A featured review by Kynan Shook.
HDHomeRun and EyeTV
For the past month, I’ve been testing out an HDHomeRun, a networked dual HDTV tuner. What does that mean for a user? Well, you plug the small box (a little smaller than a DSL or cable modem) into your Ethernet network, and then any computer (Mac, Windows, Linux, etc.) on the network can watch TV. Not only that, but you can watch two channels at once, whether one each on two computers, or use EyeTV’s picture-in-picture to watch two channels at once, or record one channel while watching another, or record two channels at once… It’s great if you have multiple TV-watchers in your home, but it’s also good if there are multiple shows you want to watch or record at the same time.
The HDHomeRun has two coax plugs – you can supply two antennas, two cable TV hookups, or one of each. However, it can only receive digital signals. Over the air, this means HDTV, but cable providers vary. When I last had cable about a year ago, I was able to get all the basic channels with a digital receiver for a while. Eventually, Charter started filtering the digital signal though (since, technically, we were only signed up for analog cable – I just happened to try it with my EyeTV 500 digital tuner). Your mileage may vary greatly, and may change at any time. To receive cable channels, they must be broadcast as clear, unencrypted QAM. Sometimes that’s only the local channels, sometimes that’s basic cable, and sometimes it’s nothing. A cable box doesn’t help – those output analog signals for your TV, not digital like the HDHomeRun needs.
Also of note is that it requires Ethernet. This may or may not be an issue for you; for me, I only use wireless internet, so I had to string cables across my apartment. I did try to use it over wireless (802.11g on a cheap router, with a strong signal, and a transmit rate of 54 Mbps), and it just didn’t work, even for a low-bandwidth standard-definition signal (around 4 Mbps). I don’t have any 802.11n equipment to try it with; those have higher bandwidth capability, so they might work better, or they might not. In any case, you shouldn’t buy one unless you’re willing to have all your TV-enabled computers on an Ethernet network. Reports on the internet vary widely on this topic.
Now, I can hear everybody asking (and this included me too) ‘Can I just plug the HDHomeRun into one computer’s Ethernet port, and use it like a USB or FireWire TV tuner?’ The answer is no – HDHomeRun requires a DHCP server to get an IP address. This is normally performed by your router. With the right configuration, you should be able to enable a DHCP server on your Mac, but I was unable to get it working right with a quick try (I think I would need to create the appropriate configuration files, which were not present). It would be nice if you could just turn on Internet Sharing and have it work (and, given a proper configuration file, it might), but this was not the case for me.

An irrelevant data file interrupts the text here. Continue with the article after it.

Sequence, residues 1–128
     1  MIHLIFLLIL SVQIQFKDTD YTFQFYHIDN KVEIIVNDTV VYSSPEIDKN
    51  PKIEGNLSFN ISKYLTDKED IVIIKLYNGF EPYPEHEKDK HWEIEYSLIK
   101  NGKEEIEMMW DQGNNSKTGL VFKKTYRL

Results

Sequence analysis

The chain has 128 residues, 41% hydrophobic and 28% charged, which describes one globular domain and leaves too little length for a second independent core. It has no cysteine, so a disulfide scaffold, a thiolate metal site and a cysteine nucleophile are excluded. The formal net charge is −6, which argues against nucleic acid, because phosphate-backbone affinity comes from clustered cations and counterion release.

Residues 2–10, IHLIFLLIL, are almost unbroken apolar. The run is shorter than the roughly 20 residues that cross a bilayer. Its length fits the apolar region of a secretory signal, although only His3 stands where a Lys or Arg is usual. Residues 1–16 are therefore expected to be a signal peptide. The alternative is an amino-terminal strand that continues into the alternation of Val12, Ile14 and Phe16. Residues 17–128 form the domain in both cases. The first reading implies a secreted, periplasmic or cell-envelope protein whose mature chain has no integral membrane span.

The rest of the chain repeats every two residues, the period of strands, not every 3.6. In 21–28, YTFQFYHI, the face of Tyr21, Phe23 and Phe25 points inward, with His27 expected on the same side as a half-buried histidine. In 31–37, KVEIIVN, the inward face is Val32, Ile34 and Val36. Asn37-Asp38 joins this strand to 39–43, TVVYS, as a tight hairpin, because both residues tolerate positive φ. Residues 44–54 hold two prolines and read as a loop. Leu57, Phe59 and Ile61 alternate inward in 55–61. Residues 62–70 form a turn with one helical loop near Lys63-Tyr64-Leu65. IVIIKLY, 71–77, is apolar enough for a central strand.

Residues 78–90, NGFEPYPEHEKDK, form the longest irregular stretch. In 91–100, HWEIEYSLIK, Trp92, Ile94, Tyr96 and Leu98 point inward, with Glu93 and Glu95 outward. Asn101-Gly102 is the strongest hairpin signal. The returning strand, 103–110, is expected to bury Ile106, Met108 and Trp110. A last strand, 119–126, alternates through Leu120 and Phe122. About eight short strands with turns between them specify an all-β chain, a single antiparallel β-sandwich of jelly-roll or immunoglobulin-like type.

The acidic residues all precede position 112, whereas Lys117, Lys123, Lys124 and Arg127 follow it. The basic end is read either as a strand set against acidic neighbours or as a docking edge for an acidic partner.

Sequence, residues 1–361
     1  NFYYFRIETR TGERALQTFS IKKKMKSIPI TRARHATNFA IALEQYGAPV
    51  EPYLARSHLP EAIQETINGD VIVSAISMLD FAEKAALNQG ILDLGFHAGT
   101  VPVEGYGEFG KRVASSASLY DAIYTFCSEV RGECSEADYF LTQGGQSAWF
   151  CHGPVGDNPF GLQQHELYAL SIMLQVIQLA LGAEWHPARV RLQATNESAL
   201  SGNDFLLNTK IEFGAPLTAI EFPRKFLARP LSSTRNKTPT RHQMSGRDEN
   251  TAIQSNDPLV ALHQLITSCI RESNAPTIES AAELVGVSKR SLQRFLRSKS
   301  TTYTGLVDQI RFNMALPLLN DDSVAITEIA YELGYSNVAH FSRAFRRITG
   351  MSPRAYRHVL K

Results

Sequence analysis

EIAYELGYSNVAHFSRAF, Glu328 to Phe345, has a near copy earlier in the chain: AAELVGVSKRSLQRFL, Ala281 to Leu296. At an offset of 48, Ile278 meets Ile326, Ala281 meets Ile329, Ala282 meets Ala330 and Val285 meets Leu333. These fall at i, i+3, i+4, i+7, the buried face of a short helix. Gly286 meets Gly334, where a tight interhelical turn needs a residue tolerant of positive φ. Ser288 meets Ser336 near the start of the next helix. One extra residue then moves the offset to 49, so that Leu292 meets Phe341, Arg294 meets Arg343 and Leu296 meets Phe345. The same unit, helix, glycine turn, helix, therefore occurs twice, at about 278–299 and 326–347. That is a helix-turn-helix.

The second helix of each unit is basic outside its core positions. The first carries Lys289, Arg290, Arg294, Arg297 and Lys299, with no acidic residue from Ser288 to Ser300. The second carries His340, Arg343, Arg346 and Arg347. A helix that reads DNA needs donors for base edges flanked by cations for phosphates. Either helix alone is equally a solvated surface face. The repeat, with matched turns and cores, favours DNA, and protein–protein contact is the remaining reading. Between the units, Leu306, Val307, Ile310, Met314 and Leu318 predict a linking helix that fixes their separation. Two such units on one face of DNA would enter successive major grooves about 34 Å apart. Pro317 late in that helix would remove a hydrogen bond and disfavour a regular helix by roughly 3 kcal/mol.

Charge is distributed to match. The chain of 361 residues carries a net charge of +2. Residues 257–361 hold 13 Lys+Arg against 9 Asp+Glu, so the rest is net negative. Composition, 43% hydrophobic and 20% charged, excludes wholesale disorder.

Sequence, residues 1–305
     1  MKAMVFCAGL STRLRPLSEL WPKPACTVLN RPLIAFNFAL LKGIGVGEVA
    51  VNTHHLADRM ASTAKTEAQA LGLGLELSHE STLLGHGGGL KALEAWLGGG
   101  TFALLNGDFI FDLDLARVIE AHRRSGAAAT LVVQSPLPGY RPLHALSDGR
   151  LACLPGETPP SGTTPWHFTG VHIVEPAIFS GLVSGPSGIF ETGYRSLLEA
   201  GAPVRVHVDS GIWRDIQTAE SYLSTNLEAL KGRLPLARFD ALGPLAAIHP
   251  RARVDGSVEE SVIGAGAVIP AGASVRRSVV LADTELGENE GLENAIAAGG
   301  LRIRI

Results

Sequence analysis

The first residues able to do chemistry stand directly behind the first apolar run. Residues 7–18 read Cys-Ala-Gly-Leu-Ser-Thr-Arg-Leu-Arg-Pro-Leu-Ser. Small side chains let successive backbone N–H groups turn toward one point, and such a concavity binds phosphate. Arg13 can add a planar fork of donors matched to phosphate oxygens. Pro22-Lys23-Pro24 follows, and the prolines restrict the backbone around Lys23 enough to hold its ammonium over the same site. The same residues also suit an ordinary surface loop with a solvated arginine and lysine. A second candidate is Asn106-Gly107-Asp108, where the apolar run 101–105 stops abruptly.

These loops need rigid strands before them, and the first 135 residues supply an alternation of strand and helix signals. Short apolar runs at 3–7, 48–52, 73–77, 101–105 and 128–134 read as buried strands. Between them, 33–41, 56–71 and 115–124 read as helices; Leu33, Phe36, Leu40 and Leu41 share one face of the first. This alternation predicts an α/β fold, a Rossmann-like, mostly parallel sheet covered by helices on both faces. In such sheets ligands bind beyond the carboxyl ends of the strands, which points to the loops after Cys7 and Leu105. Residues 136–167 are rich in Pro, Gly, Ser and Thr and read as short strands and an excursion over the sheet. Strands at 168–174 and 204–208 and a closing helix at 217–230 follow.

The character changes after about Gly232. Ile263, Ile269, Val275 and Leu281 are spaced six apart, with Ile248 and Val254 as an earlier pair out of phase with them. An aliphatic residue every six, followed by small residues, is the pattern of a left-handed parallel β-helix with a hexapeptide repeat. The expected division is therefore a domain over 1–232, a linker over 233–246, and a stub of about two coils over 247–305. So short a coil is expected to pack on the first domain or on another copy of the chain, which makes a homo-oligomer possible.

So, time to get started setting up the device. Plug in an Ethernet cable, a coax cable or two, and a power cable. Since it’s a networked tuner, it doesn’t have to be anywhere near a computer – it just needs Ethernet. Elgato’s Setup Assistant is a breeze. Unfortunately, getting it to work with the HDHomeRun is not. I had to run the Setup Assistant about 3 times on my PowerMac before it would see the unit. When I tried the same thing on my PowerBook, it quickly became clear that there was something wrong – repeated attempts didn’t work there. I eventually narrowed it down to Leopard’s firewall. My desktop is set to allow certain applications; EyeTV is one of these, however the setting doesn’t appear to take effect immediately. My laptop is set to only allow essential services, blocking the HDHomeRun’s communications. Switching to allowing on a per-application basis fixed the problem, but not immediately. Turning off the firewall completely did fix it immediately, however. The one thing that’s missing here is a useful error message – EyeTV reports “No hardware is available which supports the TV standards of the selected country.” That’s not exactly indicative of a firewall problem.